Left field

The Reuters global sports blog

Sri Lanka to face Pakistan in Twenty20 final

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Chris Gayle’s magnificent best was not enough to prevent Sri Lanka beating West Indies on Friday night and making it through to the World Twenty20 final, where they will face Pakistan.

Tillakartne Dilshan gave Sri Lanka a total and West Indies were undone by an astonishing first over that saw them lose three wickets…. There’s no coming back from that against a team that bowls as well as Sri Lanka. What an extraordinary tournament this has been, to provide something unexpected almost every game…

So what do you think? Pakistan or Sri Lanka? If Pakistan play like they can I think they’ll win, but if this tournament has taught us anything it is to expect the unexpected…

Let us know what you think…

PHOTO: Spectators try to catch a Chris Gayle six during the ICC World Twenty20 cricket semi-final match between the West Indies and Sri Lanka in London June 19, 2009. REUTERS/Philip Brown

Pakistan stun South Africa to reach Twenty20 final

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Pakistan bowled superbly to clinch an outstanding victory over favourites South Africa on Wednesday and reach the World Twenty20 final.

So, more disappointment for South Africa at the semi-final stage and further evidence that Umar Gul (the heroics of Afridi notwithstanding) is the best “death” bowler in this tournament. His spell at the end of the South Africa innings was beautifully delivered and certainly too good for the South Africans … and once again, it was the penultimate over that effectively decided this contest.

Will Symonds ever play for Australia again?

Australia all-rounder Andrew Symonds is being sent home from the World Twenty20 tournament in England for disciplinary reasons, Cricket Australia (CA) has said.

CA chief executive James Sutherland told a hastily-arranged news conference in Melbourne broadcast on national television that Symonds had been ordered home for alcohol related issues.

Twenty20 is about entertainment, not the result

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If the result of a cricket one-day international is forgotten by most fans within a week the shelf life of Twenty20 memories must be measured in Mayfly proportions.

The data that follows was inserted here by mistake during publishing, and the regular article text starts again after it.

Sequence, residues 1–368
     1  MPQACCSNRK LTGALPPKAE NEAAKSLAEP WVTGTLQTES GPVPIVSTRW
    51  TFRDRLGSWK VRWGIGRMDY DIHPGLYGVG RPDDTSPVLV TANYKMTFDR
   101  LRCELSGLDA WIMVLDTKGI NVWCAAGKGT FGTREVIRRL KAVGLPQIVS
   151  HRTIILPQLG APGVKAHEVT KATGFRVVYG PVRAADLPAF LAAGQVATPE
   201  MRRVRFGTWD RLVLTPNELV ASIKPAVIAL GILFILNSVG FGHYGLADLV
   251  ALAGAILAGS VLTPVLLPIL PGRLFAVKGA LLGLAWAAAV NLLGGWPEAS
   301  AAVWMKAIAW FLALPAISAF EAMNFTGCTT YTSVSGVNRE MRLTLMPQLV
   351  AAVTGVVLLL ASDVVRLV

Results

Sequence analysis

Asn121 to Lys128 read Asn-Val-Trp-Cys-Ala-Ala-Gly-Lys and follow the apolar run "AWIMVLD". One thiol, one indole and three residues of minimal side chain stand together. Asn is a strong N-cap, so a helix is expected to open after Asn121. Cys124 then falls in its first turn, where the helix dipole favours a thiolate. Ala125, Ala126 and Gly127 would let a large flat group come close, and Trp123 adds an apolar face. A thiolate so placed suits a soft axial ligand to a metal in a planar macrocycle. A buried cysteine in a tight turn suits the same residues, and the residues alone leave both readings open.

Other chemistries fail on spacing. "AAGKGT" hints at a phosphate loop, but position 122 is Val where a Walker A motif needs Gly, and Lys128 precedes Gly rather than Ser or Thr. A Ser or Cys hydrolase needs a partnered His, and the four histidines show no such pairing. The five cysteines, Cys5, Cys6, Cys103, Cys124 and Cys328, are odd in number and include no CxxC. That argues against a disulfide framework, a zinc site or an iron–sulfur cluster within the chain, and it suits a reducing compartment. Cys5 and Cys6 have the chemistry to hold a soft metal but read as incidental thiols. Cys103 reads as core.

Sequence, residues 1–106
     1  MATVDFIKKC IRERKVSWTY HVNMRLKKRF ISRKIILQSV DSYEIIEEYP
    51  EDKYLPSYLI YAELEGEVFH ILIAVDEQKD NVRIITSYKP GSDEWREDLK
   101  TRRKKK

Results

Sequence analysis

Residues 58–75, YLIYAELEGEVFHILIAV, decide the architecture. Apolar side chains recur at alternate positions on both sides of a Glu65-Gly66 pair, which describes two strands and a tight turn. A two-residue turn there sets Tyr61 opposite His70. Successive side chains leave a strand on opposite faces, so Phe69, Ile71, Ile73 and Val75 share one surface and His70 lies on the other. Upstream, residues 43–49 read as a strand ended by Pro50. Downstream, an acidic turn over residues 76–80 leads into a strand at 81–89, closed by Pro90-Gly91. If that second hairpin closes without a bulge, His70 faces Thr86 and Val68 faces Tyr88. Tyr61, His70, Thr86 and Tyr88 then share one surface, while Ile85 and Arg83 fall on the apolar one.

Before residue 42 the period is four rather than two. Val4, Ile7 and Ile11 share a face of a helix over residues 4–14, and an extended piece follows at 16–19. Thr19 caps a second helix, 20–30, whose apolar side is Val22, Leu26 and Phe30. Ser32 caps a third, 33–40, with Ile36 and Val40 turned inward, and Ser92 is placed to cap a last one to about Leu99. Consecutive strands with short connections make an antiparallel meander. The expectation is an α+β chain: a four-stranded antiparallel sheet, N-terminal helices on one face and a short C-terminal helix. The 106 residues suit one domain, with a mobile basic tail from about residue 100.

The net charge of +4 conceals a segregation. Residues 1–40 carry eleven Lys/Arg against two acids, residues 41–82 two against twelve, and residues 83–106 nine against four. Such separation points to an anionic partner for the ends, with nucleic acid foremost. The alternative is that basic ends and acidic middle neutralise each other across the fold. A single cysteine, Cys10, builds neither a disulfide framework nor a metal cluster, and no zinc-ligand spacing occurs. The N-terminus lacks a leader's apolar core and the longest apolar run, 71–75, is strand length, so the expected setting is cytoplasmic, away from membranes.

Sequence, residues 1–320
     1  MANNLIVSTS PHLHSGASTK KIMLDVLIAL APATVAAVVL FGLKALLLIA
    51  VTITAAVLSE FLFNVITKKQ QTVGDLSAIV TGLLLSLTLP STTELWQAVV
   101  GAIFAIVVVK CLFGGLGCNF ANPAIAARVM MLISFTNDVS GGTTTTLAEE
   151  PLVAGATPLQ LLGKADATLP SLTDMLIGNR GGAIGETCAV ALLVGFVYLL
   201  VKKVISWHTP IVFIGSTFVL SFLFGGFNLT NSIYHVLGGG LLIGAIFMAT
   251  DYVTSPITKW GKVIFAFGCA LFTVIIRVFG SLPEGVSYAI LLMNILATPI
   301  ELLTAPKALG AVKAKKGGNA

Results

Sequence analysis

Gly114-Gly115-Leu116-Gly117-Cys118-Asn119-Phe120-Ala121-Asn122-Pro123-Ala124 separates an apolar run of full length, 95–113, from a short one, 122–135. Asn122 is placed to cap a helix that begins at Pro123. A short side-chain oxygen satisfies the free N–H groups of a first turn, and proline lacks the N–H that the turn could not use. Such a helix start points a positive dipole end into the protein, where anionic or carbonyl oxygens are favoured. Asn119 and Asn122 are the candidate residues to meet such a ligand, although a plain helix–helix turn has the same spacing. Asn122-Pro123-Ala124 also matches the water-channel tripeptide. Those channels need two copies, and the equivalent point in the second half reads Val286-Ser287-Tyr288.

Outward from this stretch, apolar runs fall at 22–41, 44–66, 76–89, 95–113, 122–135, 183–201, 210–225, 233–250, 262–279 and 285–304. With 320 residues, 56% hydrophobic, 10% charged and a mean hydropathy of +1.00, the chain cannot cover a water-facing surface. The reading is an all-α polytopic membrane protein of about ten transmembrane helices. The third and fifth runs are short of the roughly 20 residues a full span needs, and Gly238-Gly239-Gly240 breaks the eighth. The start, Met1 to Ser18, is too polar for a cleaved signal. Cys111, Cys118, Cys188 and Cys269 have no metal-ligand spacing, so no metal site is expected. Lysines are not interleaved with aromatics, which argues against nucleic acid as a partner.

However, that does not mean that there is no value in the smash and crash of cricket’s newest format. Quite the opposite.

Will the Mongoose rule at the World Twenty20?

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mongooseCricket never had much of a reputation for embracing innovation but now the stately rhythm of the five-day Test is being elbowed out of the way by the hell-for-leather scramble of Twenty20 perhaps it’s no surprise that the Mongoose bat Stuart Law used on Tuesday has generated hardly a whimper of protest.

Midway through his innings for Derbyshire on Tuesday, Law switched to using the new Mongoose T20 bat, which, we are told, has a handle that’s 33 percent longer than the standard bat, but with hardly anything in the way of shoulder.

from AxisMundi Jerusalem:

Pushing back cricket’s boundary for Israel’s bedouin

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For decades, the small number of cricket followers in Israel has been trying to clear up what is so far an unsolved mystery: Why the sport never took off in the country after the British lowered the Union Jack on pre-state Israel in 1948. 

Cricket, along with golf, is probably the most enduring bequest of the British Empire to its former colonies, but definitely not in the Jewish state.

Hoggard deserves better

I saw this story and was very surprised. The usually mild-mannered Matthew Hoggard has hit out at his treatment after being dropped by the England cricket side 13 months ago.

“My contact with the ECB has been zero and so I’m completely and utterly not even thinking about a recall,” said the 32-year-old pace bowler, who was part of the attack which beat Australia in 2005.

The age of fat cricketers is over … sadly

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Shane Warne didn’t conceal his contempt for coaches during his playing days. Coaches, Warne reckoned, were needed only to transport players to the ground.

In retirement, the great leg-spinner has not modified his views and is scathing, in particular, of the modern obsession with physical fitness.

Sports photo of the week

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Here’s Sports Pictures editor Greg Bos’s view: Photographer Phil Brown captured a superb action moment from the cricket match between England and the West Indies. He’s got the ball in the frame, the player with both feet off the ground and a clean dark background to make the image standout.

ORIGINAL CAPTION: West Indies’ Lendl Simmons reacts to an Amjad Khan bouncer during their cricket test match against England at Queen’s Park Oval in Port of Spain March 8, 2009. REUTERS/Philip Brown

Rashid omission shows England are still behind Aussies

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While England’s opponents for the famous urn this summer used their last test match to bleed new talent before the Ashes, it comes as no surprise that England spurned the opportunity to do exactly the same with leg-spinner Adil Rashid.

Australia, visibly in decline after a spate of retirements, started the first test match at Johannesburg against South Africa, one of the top test nations, with three debutants.

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